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A patent is a form of intellectual property that gives its owner the legal right to exclude others from making, using, or selling an invention for a limited period of years in exchange for publishing an enabling public disclosure of the invention. In most countries, patent rights fall under private law and the patent holder must sue someone infringing the patent in order to enforce his or her rights. In some industries patents are an essential form of competitive advantage; in others they are irrelevant.[1]:17

The procedure for granting patents, requirements placed on the patentee, and the extent of the exclusive rights vary widely between countries according to national laws and international agreements. Typically, however, a patent application must include one or more claims that define the scope of protection that is being sought. A patent may include many claims, each of which defines a specific property right. These claims must meet various patentability requirements, which in the US include novelty, usefulness, and non-obviousness.[2][3]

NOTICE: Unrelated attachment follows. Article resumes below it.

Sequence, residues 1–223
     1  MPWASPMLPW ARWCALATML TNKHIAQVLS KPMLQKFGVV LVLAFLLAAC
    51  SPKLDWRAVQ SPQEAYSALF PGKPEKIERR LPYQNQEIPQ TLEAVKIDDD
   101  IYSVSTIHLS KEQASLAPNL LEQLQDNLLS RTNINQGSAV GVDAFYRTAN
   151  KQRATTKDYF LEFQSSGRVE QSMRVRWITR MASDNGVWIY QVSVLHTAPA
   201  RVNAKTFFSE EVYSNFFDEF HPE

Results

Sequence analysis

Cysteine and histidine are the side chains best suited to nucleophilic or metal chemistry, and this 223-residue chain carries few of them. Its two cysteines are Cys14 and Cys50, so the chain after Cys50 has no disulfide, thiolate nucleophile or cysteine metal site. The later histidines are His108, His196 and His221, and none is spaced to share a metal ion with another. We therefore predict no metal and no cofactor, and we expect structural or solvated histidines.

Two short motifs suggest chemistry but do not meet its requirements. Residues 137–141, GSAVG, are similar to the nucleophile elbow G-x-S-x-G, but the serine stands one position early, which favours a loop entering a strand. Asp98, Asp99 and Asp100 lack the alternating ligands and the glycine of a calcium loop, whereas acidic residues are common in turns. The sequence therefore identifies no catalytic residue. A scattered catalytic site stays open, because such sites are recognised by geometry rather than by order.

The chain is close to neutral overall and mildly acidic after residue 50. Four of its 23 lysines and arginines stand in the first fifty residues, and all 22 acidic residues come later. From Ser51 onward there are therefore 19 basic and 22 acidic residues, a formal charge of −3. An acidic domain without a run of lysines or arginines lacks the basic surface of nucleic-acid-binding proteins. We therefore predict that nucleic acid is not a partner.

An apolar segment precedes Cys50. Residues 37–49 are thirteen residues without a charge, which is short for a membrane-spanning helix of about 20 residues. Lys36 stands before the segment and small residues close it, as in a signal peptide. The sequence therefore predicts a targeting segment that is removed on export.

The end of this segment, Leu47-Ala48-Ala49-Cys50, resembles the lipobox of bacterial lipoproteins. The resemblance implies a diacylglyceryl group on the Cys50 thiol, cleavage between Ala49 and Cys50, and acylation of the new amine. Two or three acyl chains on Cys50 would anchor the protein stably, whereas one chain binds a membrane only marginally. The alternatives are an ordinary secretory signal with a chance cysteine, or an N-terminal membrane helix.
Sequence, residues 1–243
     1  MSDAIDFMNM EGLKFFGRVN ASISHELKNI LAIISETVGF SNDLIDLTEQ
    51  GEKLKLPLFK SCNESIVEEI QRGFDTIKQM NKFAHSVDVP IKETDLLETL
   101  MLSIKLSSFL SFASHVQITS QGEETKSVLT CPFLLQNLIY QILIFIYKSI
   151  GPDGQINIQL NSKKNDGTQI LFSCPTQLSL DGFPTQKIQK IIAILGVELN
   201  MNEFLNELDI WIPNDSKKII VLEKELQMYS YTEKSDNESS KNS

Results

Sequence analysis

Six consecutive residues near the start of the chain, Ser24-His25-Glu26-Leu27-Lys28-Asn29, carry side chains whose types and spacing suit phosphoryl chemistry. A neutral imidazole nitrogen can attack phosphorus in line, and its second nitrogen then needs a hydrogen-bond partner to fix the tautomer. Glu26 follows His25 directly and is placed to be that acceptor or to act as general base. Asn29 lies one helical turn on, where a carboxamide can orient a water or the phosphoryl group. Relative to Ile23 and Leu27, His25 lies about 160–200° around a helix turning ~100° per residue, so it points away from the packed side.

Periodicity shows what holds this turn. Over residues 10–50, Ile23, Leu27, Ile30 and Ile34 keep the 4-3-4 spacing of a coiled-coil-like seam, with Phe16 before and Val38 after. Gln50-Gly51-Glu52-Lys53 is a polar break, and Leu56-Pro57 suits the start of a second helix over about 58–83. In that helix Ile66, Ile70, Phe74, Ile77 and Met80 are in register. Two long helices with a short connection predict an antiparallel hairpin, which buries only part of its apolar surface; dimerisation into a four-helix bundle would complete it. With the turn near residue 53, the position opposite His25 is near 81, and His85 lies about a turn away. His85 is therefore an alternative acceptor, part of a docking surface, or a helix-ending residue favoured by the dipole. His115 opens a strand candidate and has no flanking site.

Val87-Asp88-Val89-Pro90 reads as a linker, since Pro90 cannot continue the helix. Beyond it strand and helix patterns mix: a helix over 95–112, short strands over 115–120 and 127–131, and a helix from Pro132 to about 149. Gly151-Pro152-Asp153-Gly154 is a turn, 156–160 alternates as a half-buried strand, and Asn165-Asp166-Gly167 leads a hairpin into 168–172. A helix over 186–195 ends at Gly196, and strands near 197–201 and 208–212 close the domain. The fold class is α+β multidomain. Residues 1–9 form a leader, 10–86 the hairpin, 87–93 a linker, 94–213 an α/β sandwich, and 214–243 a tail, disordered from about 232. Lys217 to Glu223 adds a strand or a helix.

Under the World Trade Organization's (WTO) TRIPS Agreement, patents should be available in WTO member states for any invention, in all fields of technology, provided they are new, involve an inventive step, and are capable of industrial application.[4] Nevertheless, there are variations on what is patentable subject matter from country to country, also among WTO member states. TRIPS also provides that the term of protection available should be a minimum of twenty years.[5]

Legal scholars, economists, activists, policymakers, industries, and trade organizations have held differing views on patents and engaged in contentious debates on the subject. Critical perspectives emerged in the nineteenth century that were especially based on the principles of free trade.[55]:262–263 Contemporary criticisms have echoed those arguments, claiming that patents block innovation and waste resources (e.g. with patent-related overheads) that could otherwise be used productively to improve technology.[56][57][58] These and other research findings that patents decreased innovation because of the following mechanisms: